Thank you! I’m still in therapy and plan to continue with it, as well as my meds. The school I am attending is in my home state, where many of my friends and family are located, and my husband is incredibly supportive. I have a lot of people looking out for me!
Have you found any books/websites/tools/apps to be particularly helpful in helping you manage your stress and depression as you navigate school?
Honestly, my best tool is my therapist. I’ve also found a lot of support online, both through Twitter and blogging, as well as through The Bloggess’ website. While the main focus of her website is definitely not mental illness, she is a huge champion for the cause. (Some of her best posts are here.)
What advice would you give to other people with mental health issues who are undertaking big, exciting, potentially stressful endeavors?
It is really important that you always take care of yourself, mind and body. It sounds so silly, but get enough sleep, eat well, and take time to have some fun. Remind yourself that you are not the sum of your achievements. Never be afraid to ask for help.
Lastly, “Depression lies.” Don’t let it fool you into thinking you are worthless. You are so, so important. Be kind to yourself. We can all use that reminder every once in awhile.Thanks so much for sharing your story, Alison. Do you have have any questions for her? Have any of your had health issues that were triggered by school?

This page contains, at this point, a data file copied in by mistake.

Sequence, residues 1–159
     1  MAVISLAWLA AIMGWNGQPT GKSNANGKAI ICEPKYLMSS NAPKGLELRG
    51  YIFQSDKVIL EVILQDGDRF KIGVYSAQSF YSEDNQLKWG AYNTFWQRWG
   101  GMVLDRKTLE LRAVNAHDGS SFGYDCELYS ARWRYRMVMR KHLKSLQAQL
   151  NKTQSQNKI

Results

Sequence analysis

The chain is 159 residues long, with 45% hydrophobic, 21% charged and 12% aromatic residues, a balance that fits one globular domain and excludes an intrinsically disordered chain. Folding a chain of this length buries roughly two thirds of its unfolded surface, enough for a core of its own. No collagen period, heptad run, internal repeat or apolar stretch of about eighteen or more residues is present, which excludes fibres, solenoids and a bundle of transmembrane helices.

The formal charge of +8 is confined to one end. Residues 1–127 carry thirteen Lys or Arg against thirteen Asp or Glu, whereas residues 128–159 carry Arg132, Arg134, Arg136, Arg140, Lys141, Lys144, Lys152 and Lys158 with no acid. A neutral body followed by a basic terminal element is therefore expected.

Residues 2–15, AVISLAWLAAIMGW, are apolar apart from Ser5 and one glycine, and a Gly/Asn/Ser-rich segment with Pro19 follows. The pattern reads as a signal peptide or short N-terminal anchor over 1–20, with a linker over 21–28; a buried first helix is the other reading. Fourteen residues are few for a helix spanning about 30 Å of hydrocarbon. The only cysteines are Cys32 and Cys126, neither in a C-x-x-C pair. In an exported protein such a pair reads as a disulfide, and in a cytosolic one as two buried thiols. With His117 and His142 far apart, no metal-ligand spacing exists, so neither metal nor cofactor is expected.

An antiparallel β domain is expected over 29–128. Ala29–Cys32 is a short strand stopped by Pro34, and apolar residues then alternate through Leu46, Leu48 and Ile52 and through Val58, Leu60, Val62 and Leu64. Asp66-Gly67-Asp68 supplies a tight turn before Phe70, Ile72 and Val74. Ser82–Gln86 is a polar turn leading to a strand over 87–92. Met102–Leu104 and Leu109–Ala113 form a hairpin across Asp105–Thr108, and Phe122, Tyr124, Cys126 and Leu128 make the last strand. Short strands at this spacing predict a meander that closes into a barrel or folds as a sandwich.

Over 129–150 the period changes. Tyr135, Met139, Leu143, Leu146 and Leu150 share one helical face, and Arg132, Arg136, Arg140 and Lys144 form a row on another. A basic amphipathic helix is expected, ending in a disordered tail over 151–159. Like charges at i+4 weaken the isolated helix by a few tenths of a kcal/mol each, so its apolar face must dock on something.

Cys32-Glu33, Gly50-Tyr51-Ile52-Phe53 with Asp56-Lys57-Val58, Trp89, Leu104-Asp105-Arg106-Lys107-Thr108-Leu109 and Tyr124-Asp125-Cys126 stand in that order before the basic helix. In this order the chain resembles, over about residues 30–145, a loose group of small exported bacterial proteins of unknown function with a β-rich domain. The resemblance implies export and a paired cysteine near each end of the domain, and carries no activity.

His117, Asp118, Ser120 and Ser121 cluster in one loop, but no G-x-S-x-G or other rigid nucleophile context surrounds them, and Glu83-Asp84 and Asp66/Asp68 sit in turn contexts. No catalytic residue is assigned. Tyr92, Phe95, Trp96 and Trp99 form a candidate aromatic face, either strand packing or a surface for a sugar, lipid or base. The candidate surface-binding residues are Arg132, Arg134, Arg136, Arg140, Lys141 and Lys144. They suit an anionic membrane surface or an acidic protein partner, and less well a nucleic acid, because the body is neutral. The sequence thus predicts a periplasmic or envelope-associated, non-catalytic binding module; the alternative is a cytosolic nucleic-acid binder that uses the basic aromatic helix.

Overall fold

P.S. True Story: I have depression and True Story: I dropped out of my PhD program

photo by natshots photography // cc

3 Comments

Anonymous

As an unhappy pre-med major and busy resident advisor in college, I can definitely relate. I was stressed about my future (I'd recently decided medical school wasn't for me and no idea what to do) and extremely depressed. After a resident committed suicide during my security shift, things got much worse. I finally realized (with help) that I couldn't learn or look after others when I couldn't look after myself and left college. Good for you, Alison, for doing what you needed to do to take care of yourself. Good luck this year!

Reply
wade

I refuse to take medicine and see my illness as natural, the way my brain is by natural design. Unfortunately I cant cope with exam anxiety and couldn’t continue medical school after four years. The medical school doesn’t even want me back in the program. I really do need help but I am in a small town without proper care. I once was a very intelligent man but without finishing the degree I have no work, money for food or medicine. I was told with a psych history I wont be allow to study medicine any further. I lost my license and ever physician knows I am sick. Why didn’t I get the medicine I needed before I fell from the highest point in my education and career? Why are the good medicine kept secret and for the elite only? left out in the cold on the coast of Canada.

Reply
Anonymous

I had a similar experience. What I learned?
It’s not your fault. Breath.
🙂

Reply

Leave a comment

This site uses Akismet to reduce spam. Learn how your comment data is processed.